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Twitter CEO addresses recent spam account concerns

Twitter’s CEO has tweeted a response to recently raised concerns about the true percentage of spam and fake accounts on Twitter.

On Monday, Twitter CEO Parag Agrawal issued his own statement about the concerns around the validity of Twitter’s reported percentage of fake and spam accounts. And Agrawal’s statement was in the form of a thread posted on Twitter that was 15 tweets long:

Let’s talk about spam. And let’s do so with the benefit of data, facts, and context…

— Parag Agrawal (@paraga) May 16, 2022

Agrawal’s thread essentially asserts the following: That Twitter’s own percentage estimate of how many accounts are fake or spam (the one that says it’s less than 5%) is still correct based on Twitter’s methodology and its use of public and private data. Agrawal also said that estimations of this percentage can’t be “performed externally” because such estimations won’t include private data, which Twitter can’t share.

Agrawal’s thread led with a series of tweets explaining spam accounts and how Twitter handles such accounts once they’re detected:

We suspend over half a million spam accounts every day, usually before any of you even see them on Twitter. We also lock millions of accounts each week that we suspect may be spam – if they can’t pass human verification challenges (captchas, phone verification, etc).

— Parag Agrawal (@paraga) May 16, 2022

Agrawal then went on to discuss how difficult it is to detect spam accounts without causing issues for real accounts:

Our team updates our systems and rules constantly to remove as much spam as possible, without inadvertently suspending real people or adding unnecessary friction for real people when they use Twitter: none of us want to solve a captcha every time we use Twitter.

— Parag Agrawal (@paraga) May 16, 2022

It is at this point that Agrawal gets into how Twitter’s reported estimate is calculated and acknowledges that “after all the spam removal” that some still “slips through.”

He begins to refer to “mDAUs,” which stands for monetizable daily active users. Twitter’s “less than 5%” estimate is a percentage of those reported users.

After Agrawal describes how “human reviews” that are based on Twitter rules and involve public and private data are used to determine whether accounts are real or spam, he says that Twitter’s internal estimates are actually “well under 5%” based on Twitter’s methodology and have been for the “last four quarters.”

Agrawal’s thread goes on to stress the importance of the private data he says Twitter uses for its estimates, which allows the company to more accurately detect which accounts are fake or spam. He also says that external estimations can’t be performed because third-parties don’t have access to that private data. And that it’s not possible for third-parties “to know which accounts are counted as mDAUs on any given day.”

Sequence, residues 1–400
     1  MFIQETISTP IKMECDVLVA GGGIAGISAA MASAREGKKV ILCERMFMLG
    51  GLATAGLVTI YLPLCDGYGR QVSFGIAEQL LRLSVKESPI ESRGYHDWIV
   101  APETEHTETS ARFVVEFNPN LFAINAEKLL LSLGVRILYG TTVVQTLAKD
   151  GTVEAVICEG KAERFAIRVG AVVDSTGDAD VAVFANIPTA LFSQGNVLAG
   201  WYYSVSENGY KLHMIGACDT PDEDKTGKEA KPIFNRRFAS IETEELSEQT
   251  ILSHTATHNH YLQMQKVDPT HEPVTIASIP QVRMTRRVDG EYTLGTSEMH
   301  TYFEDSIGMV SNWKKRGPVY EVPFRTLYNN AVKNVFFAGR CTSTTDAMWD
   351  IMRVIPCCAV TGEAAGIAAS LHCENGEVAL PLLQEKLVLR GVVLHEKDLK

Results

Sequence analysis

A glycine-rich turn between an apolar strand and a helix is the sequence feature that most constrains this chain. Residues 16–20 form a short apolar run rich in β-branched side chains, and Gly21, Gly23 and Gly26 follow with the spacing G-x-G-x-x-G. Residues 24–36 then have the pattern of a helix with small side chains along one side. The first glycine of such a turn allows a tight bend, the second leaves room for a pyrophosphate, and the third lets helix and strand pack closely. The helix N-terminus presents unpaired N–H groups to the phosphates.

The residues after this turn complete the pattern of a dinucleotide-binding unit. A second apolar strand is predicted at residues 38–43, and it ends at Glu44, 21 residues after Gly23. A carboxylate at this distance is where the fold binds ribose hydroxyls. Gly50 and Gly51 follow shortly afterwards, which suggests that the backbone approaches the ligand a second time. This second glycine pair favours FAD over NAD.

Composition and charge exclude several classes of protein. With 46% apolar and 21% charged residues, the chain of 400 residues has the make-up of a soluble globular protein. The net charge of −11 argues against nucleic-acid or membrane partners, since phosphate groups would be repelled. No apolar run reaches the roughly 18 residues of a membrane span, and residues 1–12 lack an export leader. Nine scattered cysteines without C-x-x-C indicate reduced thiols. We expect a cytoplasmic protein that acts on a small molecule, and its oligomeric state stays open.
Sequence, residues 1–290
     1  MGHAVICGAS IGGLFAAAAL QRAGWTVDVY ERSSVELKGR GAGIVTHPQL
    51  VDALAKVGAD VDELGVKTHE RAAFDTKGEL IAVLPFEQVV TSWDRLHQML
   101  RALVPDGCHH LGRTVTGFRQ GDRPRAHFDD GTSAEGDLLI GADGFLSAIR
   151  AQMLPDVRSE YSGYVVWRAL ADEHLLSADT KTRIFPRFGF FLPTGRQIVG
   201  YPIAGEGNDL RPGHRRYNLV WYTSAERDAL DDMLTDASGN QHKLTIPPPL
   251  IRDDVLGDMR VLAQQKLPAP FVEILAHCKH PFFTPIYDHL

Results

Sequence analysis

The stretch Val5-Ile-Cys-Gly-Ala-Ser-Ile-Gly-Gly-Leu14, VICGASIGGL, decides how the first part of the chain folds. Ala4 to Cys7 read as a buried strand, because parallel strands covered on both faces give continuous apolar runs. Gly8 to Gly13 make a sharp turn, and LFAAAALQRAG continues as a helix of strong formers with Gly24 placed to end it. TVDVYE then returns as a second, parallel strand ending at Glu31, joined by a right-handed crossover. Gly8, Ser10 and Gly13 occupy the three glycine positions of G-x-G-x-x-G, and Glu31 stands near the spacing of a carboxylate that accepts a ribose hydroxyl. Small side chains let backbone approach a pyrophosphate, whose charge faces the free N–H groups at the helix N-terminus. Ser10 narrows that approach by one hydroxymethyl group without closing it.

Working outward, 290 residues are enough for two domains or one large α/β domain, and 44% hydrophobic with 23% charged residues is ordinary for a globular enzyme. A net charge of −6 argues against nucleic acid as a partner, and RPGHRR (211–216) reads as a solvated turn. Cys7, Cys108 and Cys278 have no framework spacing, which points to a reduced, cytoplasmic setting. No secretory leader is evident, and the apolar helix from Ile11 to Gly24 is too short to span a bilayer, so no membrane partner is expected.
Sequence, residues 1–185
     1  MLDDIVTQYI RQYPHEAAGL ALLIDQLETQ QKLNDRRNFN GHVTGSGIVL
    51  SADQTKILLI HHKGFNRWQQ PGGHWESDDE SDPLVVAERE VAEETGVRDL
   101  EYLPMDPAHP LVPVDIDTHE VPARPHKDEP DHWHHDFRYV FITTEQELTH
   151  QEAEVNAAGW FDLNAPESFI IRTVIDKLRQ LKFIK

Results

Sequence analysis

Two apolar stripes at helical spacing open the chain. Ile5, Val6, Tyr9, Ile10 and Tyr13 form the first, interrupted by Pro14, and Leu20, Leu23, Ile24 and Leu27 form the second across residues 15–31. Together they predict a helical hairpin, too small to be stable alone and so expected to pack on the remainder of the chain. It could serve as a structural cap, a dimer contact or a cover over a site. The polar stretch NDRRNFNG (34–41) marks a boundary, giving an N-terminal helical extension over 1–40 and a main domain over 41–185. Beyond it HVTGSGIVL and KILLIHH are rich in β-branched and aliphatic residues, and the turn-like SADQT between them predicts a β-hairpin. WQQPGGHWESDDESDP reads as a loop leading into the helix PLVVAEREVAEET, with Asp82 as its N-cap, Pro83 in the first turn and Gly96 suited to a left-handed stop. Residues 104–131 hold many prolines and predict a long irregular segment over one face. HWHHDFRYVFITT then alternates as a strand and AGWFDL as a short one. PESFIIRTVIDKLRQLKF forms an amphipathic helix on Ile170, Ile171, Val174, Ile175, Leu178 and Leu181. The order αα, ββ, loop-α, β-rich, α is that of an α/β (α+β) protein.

Tesla CEO Elon Musk, who is the process of acquiring Twitter (an acquisition that is also “on hold” because of these concerns about spam accounts), responded to the above tweet from Agrawal with a poop emoji tweet and then a follow-up question about advertisers. At the time of this writing, Agrawal has not tweeted a response to Musk’s question.

So how do advertisers know what they’re getting for their money? This is fundamental to the financial health of Twitter.

— Elon Musk (@elonmusk) May 16, 2022

Agrawal’s thread did say that Twitter “shared an overview of the estimation process with Elon a week ago and look forward to continuing the conversation with him, and all of you.”

Regarding external, third-party estimates of Twitter’s spam and fake accounts, there has been a recently published external analysis of Twitter’s spam account issue. Published on Sunday, the analysis conducted by SparkToro (an audience research software company) and Followerwonk (a Twitter research tool) states that according to their findings, 19.42% of Twitter’s active accounts are spam or fake. The analysis included 44,058 public Twitter accounts that were also active within the last 90 days. According to the published report of the analysis, the accounts “were randomly selected, by machine, from a set of 130+ million public, active profiles.”

But the SparkToro and Followerwonk report did say that they weren’t disputing Twitter’s estimate. And that’s because they simply don’t know Twitter’s criteria for identifying an mDAU or how it categorizes spam or fake accounts. SparkToro co-founder Rand Fishkin also said something in the report that appeared to align with Agrawal’s assertion about external estimations.

“We believe our methodology (detailed above) to be the best system available to public researchers, Fishkin said. “But, internally, Twitter likely has unknowable processes that we cannot replicate with only their public data.”

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